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For A Grassroots Politician, A Grassroots Arts Assist

Lucy Gellman | July 8th, 2020

For A Grassroots Politician, A Grassroots Arts Assist

Hamden  |  Politics  |  Arts & Culture  |  State Legislature  |  COVID-19

 

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Siobhan Ekeh Illustrations, Courtesy of JustinForCT. 

The cartoon begs a viewer to come closer. A man lifts his hands to his chest, frozen momentarily in time. Beside him, a young woman cocks her head, and raises her hands to her shoulders. They’re deep into the history of Juneteenth. He’s just gotten to the fact that chattel slavery didn’t officially end until 1865—two and a half years after Abraham Lincoln issued the Emancipation Proclamation—when she cuts in.

“But why did anyone care?” she asks.

“Because real freedom means that all of us are free!” he answers.

The man pictured is Justin Farmer, a member of Hamden’s Legislative Council who is running to represent Hamden, Ansonia, Beacon Falls, Bethany, Naugatuck, Derby, and Woodbridge in the Connecticut State Senate (“instead of gerrymandered, I say diverse,” he joked about the district). In his grassroots bid for state office, he has received an unexpected creative assist: young artists who are lending their skills to his political fight.

Farmer faces Democrat Jorge Cabrera in the Aug. 11 Democratic primary. The seat is currently occupied by State Sen. George Logan, a Republican who grew up in New Haven and now lives in Ansonia.

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Farmer on July 4, at a march for Black liberation that travelled from the New Haven Green to the Yale Peabody Museum of Natural History, and then on to the New Haven Police Department headquarters at 1 Union Ave. Lucy Gellman Photo. 

“I think it's another way for people to engage and be part of the political process,” Farmer said in a recent phone call. “We're trying to show an outside perspective. What's more grassroots than having community members submit their art? If you hear me speak at a rally, at a protest, at an event … I want to know how you see our campaign. These images have been amazing and inspiring to me.”

The idea came from Farmer and 18-year-old Mariam Khan, a first-time voter who is working as Farmer’s deputy campaign manager and chief communications specialist. Earlier this year, Khan put out a call on Instagram for artists to share work related to the campaign. As the leader of Connecticut PERIOD, which has been distributing free menstrual products to people during COVID-19, she’s gotten used to using social media to get the word out.

But this was new territory, made more complicated by the limits of COVID-19 in an election year. Farmer’s campaign office is a Slack channel, rather than a storefront or even his home. The campaign has been running weekly phone banking on Zoom. His Instagram account, which has a couple thousand followers, is sometimes the fastest way to get in touch with him.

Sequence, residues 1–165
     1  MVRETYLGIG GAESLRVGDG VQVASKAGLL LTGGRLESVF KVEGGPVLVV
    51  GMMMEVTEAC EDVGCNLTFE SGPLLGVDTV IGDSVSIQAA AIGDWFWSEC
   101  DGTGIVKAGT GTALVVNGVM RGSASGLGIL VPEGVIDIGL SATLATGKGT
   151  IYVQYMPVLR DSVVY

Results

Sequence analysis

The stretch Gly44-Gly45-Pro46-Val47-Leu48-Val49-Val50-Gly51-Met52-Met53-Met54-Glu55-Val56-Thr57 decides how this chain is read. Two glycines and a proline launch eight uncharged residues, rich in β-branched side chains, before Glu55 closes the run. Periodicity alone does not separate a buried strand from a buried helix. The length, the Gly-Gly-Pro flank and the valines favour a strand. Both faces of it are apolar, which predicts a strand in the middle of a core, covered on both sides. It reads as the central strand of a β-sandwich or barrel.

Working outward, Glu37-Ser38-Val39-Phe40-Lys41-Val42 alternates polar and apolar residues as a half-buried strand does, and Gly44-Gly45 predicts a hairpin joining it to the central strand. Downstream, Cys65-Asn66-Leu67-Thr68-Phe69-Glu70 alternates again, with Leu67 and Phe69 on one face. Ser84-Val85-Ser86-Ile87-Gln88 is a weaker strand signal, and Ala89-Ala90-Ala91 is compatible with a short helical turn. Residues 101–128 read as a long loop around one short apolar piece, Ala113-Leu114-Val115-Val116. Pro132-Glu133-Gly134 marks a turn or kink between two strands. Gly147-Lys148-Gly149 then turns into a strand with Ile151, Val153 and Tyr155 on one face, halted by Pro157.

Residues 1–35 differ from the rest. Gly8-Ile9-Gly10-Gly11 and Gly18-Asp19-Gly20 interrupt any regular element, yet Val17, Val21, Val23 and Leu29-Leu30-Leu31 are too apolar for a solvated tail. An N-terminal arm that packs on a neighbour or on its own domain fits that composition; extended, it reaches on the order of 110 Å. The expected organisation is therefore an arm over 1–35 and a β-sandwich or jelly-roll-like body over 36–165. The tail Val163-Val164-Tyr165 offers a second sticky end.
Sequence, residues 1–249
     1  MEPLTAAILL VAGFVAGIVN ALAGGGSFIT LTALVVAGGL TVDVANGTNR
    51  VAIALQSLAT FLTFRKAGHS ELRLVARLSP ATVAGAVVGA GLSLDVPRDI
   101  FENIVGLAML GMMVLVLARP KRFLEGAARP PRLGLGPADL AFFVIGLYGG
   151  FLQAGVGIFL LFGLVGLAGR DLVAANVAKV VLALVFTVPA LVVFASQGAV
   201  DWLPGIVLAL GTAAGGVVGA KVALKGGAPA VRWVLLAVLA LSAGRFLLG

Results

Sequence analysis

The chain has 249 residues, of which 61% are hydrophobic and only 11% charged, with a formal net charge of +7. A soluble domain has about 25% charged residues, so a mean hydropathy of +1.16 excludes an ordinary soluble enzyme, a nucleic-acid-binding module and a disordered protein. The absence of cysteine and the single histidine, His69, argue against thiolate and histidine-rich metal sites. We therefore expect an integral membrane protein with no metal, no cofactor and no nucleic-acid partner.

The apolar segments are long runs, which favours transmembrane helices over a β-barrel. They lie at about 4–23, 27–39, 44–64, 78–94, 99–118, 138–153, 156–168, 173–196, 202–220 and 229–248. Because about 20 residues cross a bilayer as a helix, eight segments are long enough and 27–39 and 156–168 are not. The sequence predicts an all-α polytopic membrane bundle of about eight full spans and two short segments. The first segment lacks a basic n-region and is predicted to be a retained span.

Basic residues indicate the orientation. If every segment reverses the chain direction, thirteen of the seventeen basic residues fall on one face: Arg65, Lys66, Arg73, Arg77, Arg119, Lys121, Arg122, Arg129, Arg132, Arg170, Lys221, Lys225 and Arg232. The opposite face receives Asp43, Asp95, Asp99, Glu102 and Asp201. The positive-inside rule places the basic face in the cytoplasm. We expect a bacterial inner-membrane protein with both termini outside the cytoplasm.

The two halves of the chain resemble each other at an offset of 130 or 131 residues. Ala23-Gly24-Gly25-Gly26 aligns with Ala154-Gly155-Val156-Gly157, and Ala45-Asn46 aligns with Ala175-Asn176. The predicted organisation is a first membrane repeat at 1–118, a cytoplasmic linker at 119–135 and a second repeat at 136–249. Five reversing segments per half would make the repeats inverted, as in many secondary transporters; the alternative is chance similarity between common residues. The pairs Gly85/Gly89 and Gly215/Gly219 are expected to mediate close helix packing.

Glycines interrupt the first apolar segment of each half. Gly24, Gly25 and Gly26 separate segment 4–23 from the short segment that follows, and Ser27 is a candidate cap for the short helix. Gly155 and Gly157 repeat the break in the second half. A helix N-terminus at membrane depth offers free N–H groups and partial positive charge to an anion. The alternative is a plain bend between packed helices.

It’s a strategy that makes sense: his pitch is often tailored to young voters. At 25, Farmer is the oldest person working on his campaign.

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Siobhan Ekeh Illustrations, Courtesy of JustinForCT. 

Then submissions started rolling in. Almost all of them came from young, queer artists of color, first-time voters who had seen Farmer’s policy platform and gotten excited reading his stances on LGBTQ+ issues, reproductive rights, mass incarceration, public transit and the Green New Deal. Others had heard him speak at rallies—for the environment, for Black Lives Matter, for an end to police brutality—and started imagining designs while they were still in the streets.

Like his campaign logo—a blue-and-white profile of Farmer, set against two seafoam green bars—almost all of the art features Farmer’s signature look: a striped tie, wide, angular glasses and noise-canceling headphones to help him cope with Tourette Syndrome.

“This is really a community campaign,” Khan said. “We could get people to make official graphics, but when you have a community of so many young, local artists—artists of color, LGBTQ artists, artists who were doing this work already—giving them this platform for their work and showing that this is a campaign by people for people is incredibly important.”

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Alexis Chang and Siobhan Ekeh lead marchers down Whitney Avenue on July 4. Farmer later spoke at the same march. Lucy Gellman Photo.

One of those artists was Siobhan Ekeh, a rising senior at Jonathan Law High School and the Educational Center for the Arts who saw Farmer speak at a number of rallies and marches, and has since become a budding political organizer herself. In June, she designed a five-part cartoon around prison abolition, Black history, and Black and queer liberation that dropped on Juneteenth.

While the images are meant to pull from Farmer’s platform, the designs are completely her own. She said she lives by Toni Cade Bambara’s advice that “the role of the artist is to make the revolution irresistible.” It's her motto for most work projects too.